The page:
Let’s face it, client-assistant relationships are not always the easiest to maintain. This holds especially true when factoring in the remote, digital nature of the work we VAs perform for our clients. Text on a computer screen is unable to convey inflection and intonation within our messages, and maintaining continuous, clear communications is no mean feat. It’s not just sending off an email containing the word “done” in regards to a task. There are still many other pieces that need to fall into place.
Communication should not have to be requested. As assistants, we ensure the client doesn’t have to ask about the status of an task in order to receive feedback. Correspondence should not simply follow the pattern of a tennis match. We don’t wait until a request is made before sending an update.
In order to stay on top of it all, we use multiple methods to stay in contact. While email tends to be preferred by most, talking over the phone or via Skype are also popular. Often the client prefers the immediacy of having someone to listen to their ideas, acting as a sounding board and filter. These extra steps facilitate a better understanding of the client by the VA, and vice versa. Once the task has been assigned, the VA then repeats back the information, as understood by him or her. This is a crucial step, one that can be easily overlooked by some. This gives the client the opportunity to clarify any misinterpreted information, averting possible missteps down the road.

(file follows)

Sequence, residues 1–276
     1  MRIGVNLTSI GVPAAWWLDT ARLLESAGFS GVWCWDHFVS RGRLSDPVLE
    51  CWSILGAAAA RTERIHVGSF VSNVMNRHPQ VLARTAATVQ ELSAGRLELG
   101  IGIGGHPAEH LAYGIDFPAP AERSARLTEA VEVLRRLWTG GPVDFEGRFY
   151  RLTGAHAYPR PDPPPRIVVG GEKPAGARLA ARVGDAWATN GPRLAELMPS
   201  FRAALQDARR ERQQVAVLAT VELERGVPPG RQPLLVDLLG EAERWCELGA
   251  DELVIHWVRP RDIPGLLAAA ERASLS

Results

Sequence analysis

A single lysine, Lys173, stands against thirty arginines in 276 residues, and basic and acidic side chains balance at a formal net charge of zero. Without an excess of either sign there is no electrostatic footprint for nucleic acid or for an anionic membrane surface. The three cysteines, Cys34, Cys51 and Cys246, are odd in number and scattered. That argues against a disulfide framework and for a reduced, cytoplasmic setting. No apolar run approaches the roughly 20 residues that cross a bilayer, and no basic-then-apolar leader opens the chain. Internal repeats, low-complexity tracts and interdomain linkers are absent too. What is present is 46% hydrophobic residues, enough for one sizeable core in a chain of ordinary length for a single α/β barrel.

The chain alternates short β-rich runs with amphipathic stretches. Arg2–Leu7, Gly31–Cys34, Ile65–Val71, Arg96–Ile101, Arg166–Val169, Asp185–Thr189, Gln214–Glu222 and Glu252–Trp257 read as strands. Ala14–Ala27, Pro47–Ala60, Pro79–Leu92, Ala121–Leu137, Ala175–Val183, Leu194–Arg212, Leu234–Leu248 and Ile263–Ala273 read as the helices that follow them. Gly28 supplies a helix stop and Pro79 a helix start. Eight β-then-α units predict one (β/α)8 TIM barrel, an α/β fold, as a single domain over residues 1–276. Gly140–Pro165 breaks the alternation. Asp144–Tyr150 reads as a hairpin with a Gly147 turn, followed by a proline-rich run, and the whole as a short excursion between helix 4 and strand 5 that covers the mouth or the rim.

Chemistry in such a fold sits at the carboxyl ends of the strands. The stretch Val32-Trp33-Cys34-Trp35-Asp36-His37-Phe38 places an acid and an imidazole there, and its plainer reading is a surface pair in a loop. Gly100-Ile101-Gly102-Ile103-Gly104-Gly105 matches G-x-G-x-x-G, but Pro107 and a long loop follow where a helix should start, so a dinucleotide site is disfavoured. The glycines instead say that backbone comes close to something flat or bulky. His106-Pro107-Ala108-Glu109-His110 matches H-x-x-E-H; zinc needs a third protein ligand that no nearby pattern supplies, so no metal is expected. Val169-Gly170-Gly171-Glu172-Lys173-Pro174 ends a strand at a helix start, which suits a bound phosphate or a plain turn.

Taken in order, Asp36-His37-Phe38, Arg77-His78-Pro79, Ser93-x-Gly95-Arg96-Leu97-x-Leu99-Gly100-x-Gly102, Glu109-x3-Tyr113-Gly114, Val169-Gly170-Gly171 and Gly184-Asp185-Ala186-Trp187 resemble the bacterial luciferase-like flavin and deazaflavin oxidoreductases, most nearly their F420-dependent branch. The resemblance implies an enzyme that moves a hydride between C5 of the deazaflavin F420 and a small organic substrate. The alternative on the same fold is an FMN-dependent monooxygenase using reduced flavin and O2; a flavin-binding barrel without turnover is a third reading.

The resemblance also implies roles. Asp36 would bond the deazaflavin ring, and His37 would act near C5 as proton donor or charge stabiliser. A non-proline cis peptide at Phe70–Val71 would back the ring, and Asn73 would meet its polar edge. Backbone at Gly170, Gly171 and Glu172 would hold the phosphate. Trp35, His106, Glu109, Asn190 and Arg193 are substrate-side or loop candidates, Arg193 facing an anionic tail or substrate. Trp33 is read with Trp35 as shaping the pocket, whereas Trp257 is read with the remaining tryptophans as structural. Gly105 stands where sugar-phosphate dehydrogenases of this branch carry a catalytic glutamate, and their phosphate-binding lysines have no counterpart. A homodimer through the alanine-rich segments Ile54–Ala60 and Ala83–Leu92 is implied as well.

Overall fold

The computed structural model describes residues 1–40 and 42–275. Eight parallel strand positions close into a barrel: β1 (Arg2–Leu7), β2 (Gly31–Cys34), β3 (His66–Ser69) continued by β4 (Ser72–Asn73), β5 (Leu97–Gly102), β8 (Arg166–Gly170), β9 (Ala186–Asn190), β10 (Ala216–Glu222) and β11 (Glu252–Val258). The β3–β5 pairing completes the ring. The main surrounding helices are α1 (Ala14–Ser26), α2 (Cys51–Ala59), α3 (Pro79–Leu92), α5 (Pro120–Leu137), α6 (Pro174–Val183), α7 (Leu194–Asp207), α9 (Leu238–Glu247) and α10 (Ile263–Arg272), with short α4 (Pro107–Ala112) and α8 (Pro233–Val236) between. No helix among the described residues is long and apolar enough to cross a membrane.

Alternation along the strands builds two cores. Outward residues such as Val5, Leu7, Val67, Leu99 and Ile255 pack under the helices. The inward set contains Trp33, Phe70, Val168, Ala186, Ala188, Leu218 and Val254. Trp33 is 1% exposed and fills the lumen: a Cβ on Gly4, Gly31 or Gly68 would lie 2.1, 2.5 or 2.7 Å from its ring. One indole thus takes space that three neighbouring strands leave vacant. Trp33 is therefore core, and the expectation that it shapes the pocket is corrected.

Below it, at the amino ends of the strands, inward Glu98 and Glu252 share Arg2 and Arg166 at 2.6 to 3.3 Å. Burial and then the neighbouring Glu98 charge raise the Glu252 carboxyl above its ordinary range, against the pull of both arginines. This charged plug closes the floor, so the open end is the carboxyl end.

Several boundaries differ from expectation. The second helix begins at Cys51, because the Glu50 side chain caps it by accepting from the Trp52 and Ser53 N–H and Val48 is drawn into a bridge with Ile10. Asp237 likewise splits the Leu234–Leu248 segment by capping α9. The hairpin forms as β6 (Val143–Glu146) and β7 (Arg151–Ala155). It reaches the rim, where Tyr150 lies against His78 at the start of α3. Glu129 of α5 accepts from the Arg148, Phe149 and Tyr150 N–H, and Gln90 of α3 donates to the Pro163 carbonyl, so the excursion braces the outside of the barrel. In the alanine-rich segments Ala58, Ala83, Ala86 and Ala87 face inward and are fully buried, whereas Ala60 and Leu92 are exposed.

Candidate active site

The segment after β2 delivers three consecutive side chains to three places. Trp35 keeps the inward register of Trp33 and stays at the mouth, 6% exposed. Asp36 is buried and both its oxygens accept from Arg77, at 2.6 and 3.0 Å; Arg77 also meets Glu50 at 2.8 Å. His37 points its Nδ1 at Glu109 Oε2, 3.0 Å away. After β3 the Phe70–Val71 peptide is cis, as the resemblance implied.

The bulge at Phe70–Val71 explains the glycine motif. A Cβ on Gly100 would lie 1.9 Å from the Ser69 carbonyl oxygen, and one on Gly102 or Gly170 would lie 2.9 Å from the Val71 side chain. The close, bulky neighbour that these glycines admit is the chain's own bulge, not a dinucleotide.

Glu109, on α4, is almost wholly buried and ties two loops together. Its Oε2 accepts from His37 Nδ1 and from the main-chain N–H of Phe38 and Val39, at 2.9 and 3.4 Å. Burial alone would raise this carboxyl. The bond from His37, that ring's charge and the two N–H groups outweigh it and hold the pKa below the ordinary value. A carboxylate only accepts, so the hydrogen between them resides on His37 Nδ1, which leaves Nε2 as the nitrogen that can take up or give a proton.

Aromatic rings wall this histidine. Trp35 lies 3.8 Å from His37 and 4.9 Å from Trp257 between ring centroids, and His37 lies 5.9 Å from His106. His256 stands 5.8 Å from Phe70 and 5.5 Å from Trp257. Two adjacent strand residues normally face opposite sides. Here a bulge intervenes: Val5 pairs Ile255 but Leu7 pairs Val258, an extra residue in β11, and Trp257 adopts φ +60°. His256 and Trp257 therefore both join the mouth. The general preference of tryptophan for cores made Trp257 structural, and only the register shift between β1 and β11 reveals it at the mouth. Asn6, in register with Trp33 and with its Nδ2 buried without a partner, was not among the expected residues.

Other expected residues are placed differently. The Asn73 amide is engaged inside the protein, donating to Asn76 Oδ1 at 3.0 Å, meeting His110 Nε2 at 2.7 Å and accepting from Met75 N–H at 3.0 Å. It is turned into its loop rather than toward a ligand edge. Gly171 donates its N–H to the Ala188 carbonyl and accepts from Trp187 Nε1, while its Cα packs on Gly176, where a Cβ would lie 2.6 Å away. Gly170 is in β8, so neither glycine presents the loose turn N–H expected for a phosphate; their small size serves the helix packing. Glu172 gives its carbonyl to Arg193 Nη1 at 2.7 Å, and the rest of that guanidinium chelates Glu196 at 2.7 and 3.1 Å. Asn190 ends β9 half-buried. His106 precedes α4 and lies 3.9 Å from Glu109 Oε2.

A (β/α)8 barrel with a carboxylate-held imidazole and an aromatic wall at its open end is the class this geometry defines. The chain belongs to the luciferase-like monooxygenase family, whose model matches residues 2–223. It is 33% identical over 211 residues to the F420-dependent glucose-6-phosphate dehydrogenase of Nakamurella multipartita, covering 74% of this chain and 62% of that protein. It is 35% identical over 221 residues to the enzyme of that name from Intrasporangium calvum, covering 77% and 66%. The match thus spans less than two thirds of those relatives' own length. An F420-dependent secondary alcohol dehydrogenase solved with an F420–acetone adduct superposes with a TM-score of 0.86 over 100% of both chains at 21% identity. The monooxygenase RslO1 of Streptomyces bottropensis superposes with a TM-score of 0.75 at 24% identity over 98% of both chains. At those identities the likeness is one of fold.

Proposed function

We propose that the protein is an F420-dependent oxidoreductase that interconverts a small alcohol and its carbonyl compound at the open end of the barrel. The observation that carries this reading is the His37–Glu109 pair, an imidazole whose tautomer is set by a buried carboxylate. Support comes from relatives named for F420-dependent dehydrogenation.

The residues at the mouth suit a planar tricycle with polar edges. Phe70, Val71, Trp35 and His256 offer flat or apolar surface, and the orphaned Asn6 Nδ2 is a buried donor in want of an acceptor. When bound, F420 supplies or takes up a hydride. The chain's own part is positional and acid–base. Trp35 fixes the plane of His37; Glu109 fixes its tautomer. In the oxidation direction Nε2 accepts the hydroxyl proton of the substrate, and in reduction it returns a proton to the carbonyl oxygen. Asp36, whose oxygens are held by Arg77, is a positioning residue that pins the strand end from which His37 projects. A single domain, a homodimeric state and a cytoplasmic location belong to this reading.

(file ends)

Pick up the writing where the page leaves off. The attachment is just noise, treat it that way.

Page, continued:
Once the preferred method of contact is established, the VA can then update the client based upon the selected criteria. Maybe the client would like an update twice per week, or perhaps as each project milestone is reached. And then, some clients wish to be contacted only as projects are completed. Each client is unique, but we recognize the desire to stay informed is universal.
Despite the cliché, we strive to be proactive instead of reactive. For instance, a newly-acquired client had been frustrated by the lack of interaction with her previous employees. Knowing her desire to stay informed, we did our best to ensure she was updated during various tasks, whether or not we were asked. Updates sent at previously decided upon intervals and prompt response times went a long way to easing the client’s mind. Small efforts were made across the board to keep the client apprised of her multiple tasks, even if it was as simple as an extra “PS” at the end of an email to let the client know a given task would be completed by the end of the day.
These were not huge changes, but rather baby steps. As the adage by Robert Collier goes, “success is the sum of small efforts, repeated day in and day out.” It is about modest changes and tweaks to our daily habits, a gradual process which hones our business practices. It does not require leaps and bounds to make life easier for the client, merely hops and skips.
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